Artemis I passes 81 miles above the lunar surface before heading a record-breaking distance from Earth

Earth is seen setting on the far side of the Moon behind the Orion spacecraft in this video captured on day 6 of the Artemis I mission by a camera on the edge of one of Orion’s solar arrays. The spacecraft was preparing for a powered-out Flyby maneuver that would bring it within 80 miles of the lunar surface, the closest approach of the uncrewed Artemis I mission, before moving into a distant retrograde orbit around the moon. The spacecraft entered the field of lunar influence on Sunday, November 20, making the Moon, rather than the Earth, the main gravitational force acting on the spacecraft.

Just like the James Webb Space Telescope, it took scientists and engineers years and multiple launch attempts to get the Artemis I SLS rocket and its Orion spacecraft up in the air. After four launch attempts over the course of two months, the most powerful rocket ever built by NASA successfully launched just last week. Good things are now coming to those who have waited: the mission is running smoothly, and soon the spacecraft will be farther from Earth than any other human-transporter has ever gone.

On Monday, Orion passed just 81 miles above the lunar surface while traveling at 2,128 miles per hour. So close, yet so far away. The burn pushed that speed to 5,102 mph as the spacecraft made its way over the former landing sites of Apollo 11, 12 and 14, according to NASA. Here are some additional facts and figures that will totally blow your mind:

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Orion will travel about 57,287 miles beyond the Moon at its farthest point from the Moon on November 25, surpassing the record set by Apollo 13 for the farthest distance traveled by a spacecraft designed for humans at 248,655 miles from Earth on Saturday, November 26. It will reach its greatest distance from Earth, which is 268,552 miles, on Monday, November 28.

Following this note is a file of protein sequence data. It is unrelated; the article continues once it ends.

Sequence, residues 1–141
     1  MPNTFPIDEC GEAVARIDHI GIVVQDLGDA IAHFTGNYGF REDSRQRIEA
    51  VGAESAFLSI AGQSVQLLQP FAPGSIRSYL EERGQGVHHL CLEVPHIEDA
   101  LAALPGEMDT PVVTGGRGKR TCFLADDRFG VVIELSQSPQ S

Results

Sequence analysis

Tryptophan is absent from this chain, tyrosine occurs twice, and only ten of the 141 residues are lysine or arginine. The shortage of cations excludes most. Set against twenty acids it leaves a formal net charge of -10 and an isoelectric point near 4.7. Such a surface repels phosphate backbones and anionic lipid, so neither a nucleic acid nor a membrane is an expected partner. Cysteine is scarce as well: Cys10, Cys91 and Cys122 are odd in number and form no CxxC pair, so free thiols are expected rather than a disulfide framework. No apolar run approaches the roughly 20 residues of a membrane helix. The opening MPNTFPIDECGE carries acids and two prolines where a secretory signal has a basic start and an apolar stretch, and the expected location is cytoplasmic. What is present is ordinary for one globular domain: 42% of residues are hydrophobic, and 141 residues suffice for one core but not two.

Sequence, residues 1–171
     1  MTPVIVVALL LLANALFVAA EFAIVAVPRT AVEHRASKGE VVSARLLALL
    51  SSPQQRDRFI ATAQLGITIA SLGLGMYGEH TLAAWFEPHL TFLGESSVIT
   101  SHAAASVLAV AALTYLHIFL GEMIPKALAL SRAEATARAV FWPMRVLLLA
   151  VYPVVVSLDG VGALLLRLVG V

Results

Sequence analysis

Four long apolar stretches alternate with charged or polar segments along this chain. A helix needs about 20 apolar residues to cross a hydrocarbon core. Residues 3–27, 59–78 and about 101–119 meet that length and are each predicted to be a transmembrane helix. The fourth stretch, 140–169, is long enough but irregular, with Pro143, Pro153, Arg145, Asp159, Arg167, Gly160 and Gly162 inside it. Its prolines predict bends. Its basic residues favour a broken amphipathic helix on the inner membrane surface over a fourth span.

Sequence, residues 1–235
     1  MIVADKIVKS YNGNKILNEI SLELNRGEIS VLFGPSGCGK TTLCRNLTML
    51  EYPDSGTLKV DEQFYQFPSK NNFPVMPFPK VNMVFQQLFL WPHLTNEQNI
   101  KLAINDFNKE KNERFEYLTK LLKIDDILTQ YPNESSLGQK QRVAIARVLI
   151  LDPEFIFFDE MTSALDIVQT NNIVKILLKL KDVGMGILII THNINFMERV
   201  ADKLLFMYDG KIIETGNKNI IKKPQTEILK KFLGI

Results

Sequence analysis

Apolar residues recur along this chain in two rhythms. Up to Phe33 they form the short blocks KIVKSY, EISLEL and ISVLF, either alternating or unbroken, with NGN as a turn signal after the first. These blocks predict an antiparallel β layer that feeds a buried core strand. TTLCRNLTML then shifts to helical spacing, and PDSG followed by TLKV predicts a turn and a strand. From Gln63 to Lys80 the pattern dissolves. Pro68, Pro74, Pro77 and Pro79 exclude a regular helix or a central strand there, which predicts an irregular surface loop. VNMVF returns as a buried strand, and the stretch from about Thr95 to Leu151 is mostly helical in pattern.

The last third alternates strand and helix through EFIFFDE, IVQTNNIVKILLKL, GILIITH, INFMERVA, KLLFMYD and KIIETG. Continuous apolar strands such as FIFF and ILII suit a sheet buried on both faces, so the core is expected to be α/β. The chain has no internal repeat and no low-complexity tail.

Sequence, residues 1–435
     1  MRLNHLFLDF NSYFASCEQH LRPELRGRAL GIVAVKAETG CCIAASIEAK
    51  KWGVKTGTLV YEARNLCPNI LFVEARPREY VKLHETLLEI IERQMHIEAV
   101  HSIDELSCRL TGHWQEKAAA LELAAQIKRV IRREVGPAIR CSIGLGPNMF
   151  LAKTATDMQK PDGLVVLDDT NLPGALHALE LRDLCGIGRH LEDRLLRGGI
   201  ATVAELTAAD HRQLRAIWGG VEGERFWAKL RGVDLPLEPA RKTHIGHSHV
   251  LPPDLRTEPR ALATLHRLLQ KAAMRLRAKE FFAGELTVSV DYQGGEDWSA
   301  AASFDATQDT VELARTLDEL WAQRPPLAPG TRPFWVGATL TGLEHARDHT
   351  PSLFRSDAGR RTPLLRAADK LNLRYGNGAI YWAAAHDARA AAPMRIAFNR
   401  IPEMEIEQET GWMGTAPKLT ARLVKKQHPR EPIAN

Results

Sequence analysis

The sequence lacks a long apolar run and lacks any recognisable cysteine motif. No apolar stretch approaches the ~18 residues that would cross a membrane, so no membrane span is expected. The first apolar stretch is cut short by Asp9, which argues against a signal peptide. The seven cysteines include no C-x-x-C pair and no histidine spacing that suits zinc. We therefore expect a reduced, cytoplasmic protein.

As of Monday, November 21, a total of 3,715.7 pounds of propellant have been used, 76.2 pounds less than previously expected values. There are 2,112.2 pounds of margin available on-plan for during-mission use, an increase of 201.7 pounds from expected pre-running values.

After 2:45 p.m. CST on November 21, Orion has traveled 216,842 miles from Earth and was 13,444 miles from the Moon, traveling at 3,489 miles per hour.

The Artemis I mission is the uncrewed first step back to the Moon for the United States, and it will spend about 25 days doing a few loops around the Moon before returning to Earth. The Orion spacecraft and the new spacesuits on board will be pushed to their limits while more than a quarter of a million miles from Earth. The next step, Artemis II, is scheduled for sometime in 2025 and will involve a four-man crewed flight around the moon and will take humans the farthest ever into space. By 2026, we’ll have boots on the as yet undiscovered lunar south pole.

Image: NASA

Image: NASA

The goal of the Artemis missions is not just an opportunity to revisit the moon, but to establish a permanent lunar base in orbit that will allow astronauts to spend weeks or even months exploring the moon as well as serve as a springboard for further exploration of our solar system.

Despite early SNAFUs delaying launch in August, September and October, Orion program director Howard Ho told reporters Monday that the Artemis 1 flight “…continues to operate exceptionally” from The New York Times:

With the exception of a few minor glitches — Artemis mission manager Mike Sarafin called them “fun” — Artemis I’s flight ran smoothly. Gags included Orion’s star trackers getting confused for a moment as the spacecraft’s thrusters fired.

“We are on the sixth flight day of a 26-day mission, so I would give it a cautiously optimistic A+,” Mr. Sarafin said Monday.

March of Flight A major piece of Artemis is not American. The Space Launch rocket parts are built by Boeing, Northrop Grumman, and the United Launch Alliance while the Orion capsule itself is built by Lockheed Martin.

However, the service module—the part of Orion beneath the capsule that houses the thrusters, solar arrays, communications equipment, and other supplies—was built by Airbus, and was one of the European Space Agency’s contributions to the Artemis programme. The module would not return to Earth, but instead would be jettisoned to burn up in the atmosphere shortly before the capsule dispersed.

The Orion spacecraft is expected to return to Earth on December 11 with a touchdown in the Pacific Ocean off the coast of California.

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